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Eratosthenes: the Father of Geography

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Ancient Greece

Eratosthenes was a Greek expert in many disciplines, including astronomy, geography, and mathematics. He is most famous for his calculation of Earth's circumference and for inventing the word geography.

Born in Cyrene, in what is now Libya, in 276 B.C., Eratosthenes grew up curious and went to Athens to learn more about the world around him. He studied at Plato's Academy and learned Stoicism from its founder, Zeno. He was learned in music and poetry as well, but he is most well-known for his achievements in mathematics and science. 

He created an algorithm for determining prime numbers that is still in use today. It still bears his name: the Sieve of Eratosthenes. He used his mathematical knowledge and his geographical curiosity to perform his most famous experiment, the determination of Earth's circumference, in 240 B.C.

Eratosthenes knew that at a well in Egypt, near Swenet (in Greek Syene and today Aswan), the Sun appeared directly overhead at precisely noon. He wasn't at the well when he made his calculation, however; rather, he was in Alexandria, where he was serving as head of the Great Library. He measured the angle of elevation of the Sun at noon in Alexandria and came up with a result of 1/50th south of the zenith. Alexandria was due north of Swenet, and Eratosthenes calculated that the distance between the two places was 1/50th of a circle's circumference, or 1/50th of 360 degrees, or 7 degrees and 12 minutes.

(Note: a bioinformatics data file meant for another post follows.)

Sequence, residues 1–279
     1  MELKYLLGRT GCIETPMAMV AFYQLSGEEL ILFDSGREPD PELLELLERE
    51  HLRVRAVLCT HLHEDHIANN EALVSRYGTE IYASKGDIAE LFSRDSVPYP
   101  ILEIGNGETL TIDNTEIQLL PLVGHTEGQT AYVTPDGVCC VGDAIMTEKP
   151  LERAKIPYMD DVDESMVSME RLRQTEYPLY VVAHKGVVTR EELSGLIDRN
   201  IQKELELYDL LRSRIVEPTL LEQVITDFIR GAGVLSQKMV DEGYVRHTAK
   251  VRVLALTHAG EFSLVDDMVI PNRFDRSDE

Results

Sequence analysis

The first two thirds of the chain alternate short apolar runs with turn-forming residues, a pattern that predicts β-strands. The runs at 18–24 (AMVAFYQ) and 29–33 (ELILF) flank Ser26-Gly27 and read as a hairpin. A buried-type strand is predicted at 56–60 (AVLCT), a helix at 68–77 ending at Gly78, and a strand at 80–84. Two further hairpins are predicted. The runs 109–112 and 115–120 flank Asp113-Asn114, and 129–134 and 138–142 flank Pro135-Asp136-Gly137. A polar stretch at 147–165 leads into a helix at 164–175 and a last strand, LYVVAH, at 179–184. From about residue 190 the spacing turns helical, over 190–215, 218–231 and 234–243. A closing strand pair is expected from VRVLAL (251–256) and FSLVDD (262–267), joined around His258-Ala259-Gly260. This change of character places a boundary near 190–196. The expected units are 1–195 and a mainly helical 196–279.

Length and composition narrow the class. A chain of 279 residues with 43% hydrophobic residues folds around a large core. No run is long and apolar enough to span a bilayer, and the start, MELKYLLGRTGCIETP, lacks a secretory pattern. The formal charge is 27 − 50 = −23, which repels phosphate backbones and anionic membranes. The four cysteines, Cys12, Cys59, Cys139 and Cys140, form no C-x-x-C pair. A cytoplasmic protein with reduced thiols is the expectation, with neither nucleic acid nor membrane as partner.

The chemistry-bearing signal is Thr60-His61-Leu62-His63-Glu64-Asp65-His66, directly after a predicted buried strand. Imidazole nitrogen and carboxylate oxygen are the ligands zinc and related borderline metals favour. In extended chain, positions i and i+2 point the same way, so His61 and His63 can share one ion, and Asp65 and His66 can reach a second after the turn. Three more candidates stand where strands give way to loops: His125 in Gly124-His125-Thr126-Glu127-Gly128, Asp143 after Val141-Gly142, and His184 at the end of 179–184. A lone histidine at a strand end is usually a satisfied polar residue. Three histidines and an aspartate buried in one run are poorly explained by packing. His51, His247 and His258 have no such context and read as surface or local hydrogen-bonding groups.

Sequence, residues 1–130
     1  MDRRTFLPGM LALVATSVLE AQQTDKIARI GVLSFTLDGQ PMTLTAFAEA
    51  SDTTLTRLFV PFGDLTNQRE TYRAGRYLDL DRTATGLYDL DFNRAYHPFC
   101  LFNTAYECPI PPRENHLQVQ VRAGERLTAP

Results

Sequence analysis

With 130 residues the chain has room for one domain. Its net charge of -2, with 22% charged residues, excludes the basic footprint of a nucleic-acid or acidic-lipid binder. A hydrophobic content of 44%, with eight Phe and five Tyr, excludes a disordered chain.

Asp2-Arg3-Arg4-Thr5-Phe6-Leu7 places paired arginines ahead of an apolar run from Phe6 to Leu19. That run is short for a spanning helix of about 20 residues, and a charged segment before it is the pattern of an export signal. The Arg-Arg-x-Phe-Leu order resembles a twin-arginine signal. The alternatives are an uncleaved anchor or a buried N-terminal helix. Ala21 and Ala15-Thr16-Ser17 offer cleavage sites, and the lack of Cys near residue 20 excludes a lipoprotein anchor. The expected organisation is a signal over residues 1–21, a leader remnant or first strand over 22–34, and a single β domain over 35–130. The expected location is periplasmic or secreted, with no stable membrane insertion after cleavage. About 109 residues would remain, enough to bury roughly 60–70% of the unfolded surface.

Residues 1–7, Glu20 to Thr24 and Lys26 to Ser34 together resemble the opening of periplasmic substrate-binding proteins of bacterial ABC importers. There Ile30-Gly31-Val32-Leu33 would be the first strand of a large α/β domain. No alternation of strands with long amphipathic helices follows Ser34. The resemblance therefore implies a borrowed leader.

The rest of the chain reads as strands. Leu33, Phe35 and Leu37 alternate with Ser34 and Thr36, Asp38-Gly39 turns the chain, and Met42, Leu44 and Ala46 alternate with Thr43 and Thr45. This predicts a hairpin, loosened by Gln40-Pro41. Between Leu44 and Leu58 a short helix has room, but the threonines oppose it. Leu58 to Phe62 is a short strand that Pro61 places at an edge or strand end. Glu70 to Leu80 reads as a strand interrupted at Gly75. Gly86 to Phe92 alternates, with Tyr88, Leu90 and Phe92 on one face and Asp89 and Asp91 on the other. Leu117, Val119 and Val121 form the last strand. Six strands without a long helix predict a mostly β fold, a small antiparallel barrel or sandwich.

Employing the distance between the two cities as 5,000 stadia (a distance known to many who traveled between the two cities), he then multipled that figure, 5,000, by 50 (360 divided 7.12) and got 250,000 stadia. A stadion in ancient Greece was thought to be the equivalent of 600 feet today, so 250,000 stadia was 150 million feet. That was Eratosthenes' estimate of Earth's circumference. 

The real distance is 24,859 miles, or 131,259,849 feet. Eratosthenes wasn't too far wrong, and he didn't have the fancy instruments that geographers have today.

His other geographical accomplishments include reasonably accurate measurements of the tilt of Earth's axis, the distance from Earth to the Moon, and the distance from Earth to the Sun.

He was the first to use the word geography, employing it in a now-lost work titled Geographika. In this work, the contents of which are known because of references from subsequent books still in existence, Eratosthenes divided the planet into climate zones and employed overlapping grid lines onto maps of Earth. Geographika also listed the names and locations of 400 cities.

He wrote other books, including Chronographies, a scientific analysis of historical dates; Olympic Victors, a chronological listing of winners at the Olympics; works on grammar and rhetoric; and even plays and poems. He also essentially invented the leap day and year, using predictions about planetary movements.

He died in 194 B.C., at age 82. 

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